7. I have seen prob. 7-8 episodes of the show, and generally I enjoy it, although certainly a good bit of it is subjective and other points of view can equally apply.

    Let me also say that I SSOOOOOOOOOOOOO much more prefer Zach’s interviews over Gillespie’s. Zach will actually let his subjects talk and finish sentences, and the interviewee is guaranteed to say more than the interviewer. Quite a concept!

    1. interviewee is guaranteed to say more than the interviewer. Quite a concept!

      That is the Brian Lamb style of interview, and I agree that it is preferred so long as it is a long-format interview.

      However, Gillespie is a good and knowledgeable interviewer. He has had some great interviews on reasontv recently, notwithstanding the interrupting. The Ken White and Steven Pinker interviews, for example. Nick is always great on the weekly podcast, too. If he toned down his obnoxious interrupting (or talking-over the interviewee), he wouldn’t be Nick.

      Zach did a decent job in this interview with the ruining guy, but it was a little soft-bally. Didn’t Zach mention that his wife is the ruining guy’s gardener or something?

  8. This ruining guy seems to make somewhat of a good-faith effort at ruining things.

    He fails at times, but this should be expected.

    He now has three years of ruining experience. The gun episode is on tomorrow. If he doesn’t bring it in this episode, his ruining may be ruined.

    This is entertainment comedy programming. I think it is better that tru-tv gave up “reality” shows about pawn shops and tow trucks, and replaced it with comedy programming. I’d still rather have court tv back, but the current stuff on tru-tv is less worse than in the “reality” days.

  9. His Columbus episode got everything wrong except that he sailed west.

  10. Adam doesn’t ruin enough, actually. He usually stops his analyses short of skewering his ideological brethren, which is in his financial interest but still leaves him in the pile of sophistic talking heads.

  11. Please tell me that Reason didn’t post a puff piece about Adam Ruins Everything. At least the title of Adam’s show is correct. He ruins everything?including the truth.

  12. “Truth is a social construct of the white supremacist cisheteropatriarchy used to oppress marginalized peoples”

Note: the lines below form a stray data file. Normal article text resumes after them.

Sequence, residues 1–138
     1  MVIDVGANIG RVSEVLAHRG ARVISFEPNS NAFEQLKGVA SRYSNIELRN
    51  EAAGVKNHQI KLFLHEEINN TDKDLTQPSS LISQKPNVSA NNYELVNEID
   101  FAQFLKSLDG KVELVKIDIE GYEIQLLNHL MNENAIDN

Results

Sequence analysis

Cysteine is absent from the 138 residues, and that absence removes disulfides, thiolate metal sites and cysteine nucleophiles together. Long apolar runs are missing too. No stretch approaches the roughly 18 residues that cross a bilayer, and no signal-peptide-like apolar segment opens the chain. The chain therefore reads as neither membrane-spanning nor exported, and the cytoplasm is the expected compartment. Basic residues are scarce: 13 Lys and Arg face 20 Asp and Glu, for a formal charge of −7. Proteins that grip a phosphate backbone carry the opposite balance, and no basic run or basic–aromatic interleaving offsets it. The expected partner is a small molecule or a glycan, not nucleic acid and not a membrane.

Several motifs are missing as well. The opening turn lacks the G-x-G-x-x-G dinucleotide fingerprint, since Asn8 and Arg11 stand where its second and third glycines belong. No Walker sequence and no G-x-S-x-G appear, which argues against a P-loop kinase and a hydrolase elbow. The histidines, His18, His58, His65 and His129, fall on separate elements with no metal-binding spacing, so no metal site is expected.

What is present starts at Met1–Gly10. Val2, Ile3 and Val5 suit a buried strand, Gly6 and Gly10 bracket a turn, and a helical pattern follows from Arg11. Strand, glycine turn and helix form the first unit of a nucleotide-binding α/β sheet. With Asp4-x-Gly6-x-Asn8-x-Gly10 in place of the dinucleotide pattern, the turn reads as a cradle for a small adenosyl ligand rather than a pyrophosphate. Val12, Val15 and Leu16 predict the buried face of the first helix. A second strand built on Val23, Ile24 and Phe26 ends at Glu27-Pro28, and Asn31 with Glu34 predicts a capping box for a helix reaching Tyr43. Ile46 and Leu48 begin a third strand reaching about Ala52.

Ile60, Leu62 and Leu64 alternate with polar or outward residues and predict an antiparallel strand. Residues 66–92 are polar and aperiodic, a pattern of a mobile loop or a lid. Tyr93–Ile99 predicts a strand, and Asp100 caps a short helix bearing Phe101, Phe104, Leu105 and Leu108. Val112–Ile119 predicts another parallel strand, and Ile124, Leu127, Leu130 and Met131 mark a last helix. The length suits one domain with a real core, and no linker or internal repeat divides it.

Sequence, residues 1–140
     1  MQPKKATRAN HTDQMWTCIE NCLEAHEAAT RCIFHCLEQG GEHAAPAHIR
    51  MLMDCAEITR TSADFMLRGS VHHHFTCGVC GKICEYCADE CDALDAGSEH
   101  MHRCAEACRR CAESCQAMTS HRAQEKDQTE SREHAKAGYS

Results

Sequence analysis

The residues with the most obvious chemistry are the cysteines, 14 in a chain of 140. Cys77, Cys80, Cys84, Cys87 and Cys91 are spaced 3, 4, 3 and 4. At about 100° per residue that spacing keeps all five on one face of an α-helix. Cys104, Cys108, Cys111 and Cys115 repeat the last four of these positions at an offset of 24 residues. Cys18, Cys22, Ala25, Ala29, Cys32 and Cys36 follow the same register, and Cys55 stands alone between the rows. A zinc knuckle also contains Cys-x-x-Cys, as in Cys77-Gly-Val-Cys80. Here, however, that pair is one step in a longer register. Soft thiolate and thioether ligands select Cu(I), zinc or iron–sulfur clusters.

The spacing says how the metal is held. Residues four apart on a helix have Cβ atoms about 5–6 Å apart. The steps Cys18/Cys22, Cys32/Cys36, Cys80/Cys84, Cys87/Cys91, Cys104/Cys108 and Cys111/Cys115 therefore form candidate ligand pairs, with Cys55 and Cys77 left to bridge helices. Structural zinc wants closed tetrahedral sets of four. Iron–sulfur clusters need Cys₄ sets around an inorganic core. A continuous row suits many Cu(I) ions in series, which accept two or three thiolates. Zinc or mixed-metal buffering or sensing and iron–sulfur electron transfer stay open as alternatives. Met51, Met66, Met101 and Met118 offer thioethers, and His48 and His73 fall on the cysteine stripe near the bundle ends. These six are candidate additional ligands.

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  14. Adam is a Leftist TV celebrity. What on Earth does he know about truth?

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  17. Adam made a strong point that platforms shouldn’t be able to make money (ads, etc) off hosting talkers with objectionable content (Alex Jones, etc.) This idea has been bothering me all afternoon, and it’s not just the obvious observation that nobody will ever be able to agree on what’s objectionable.

    Everybody makes money off others’ objectionable actions. If Ellen hosted a neo-Nazi guest on her show just so the audience could spit on him, she’d be making money off those ads. The Daily Show practically prints money from all the material Donald Trump gives them. For that matter, that police make a living because criminals exist is problematic, if we’re that worried about conflict-of-interest scenarios.

    1. Adam is a good person who works to present entertaining and informational videos, but after watching several I’m concerned about the silent implications he drops into his videos, without actually stating the words and thus not having to cite his source. When he talked about AirBnB and how landlords are gradually letting out more and more of their apartments to them (verbalized and sourced) but accompanied by a graphic that showed a loud party in every AirBnB unit while the perm units showed a silent family covering their ears. No words, no sources, just a heavy dose of subtext implying that every short-term renter is an unrepentant partier (not true, from personal experience) while every long-term renter is quiet and polite (definitely not true). Sneaky cheats like that make me feel like I can’t trust him as much as I did when the show started, which is a disappointment.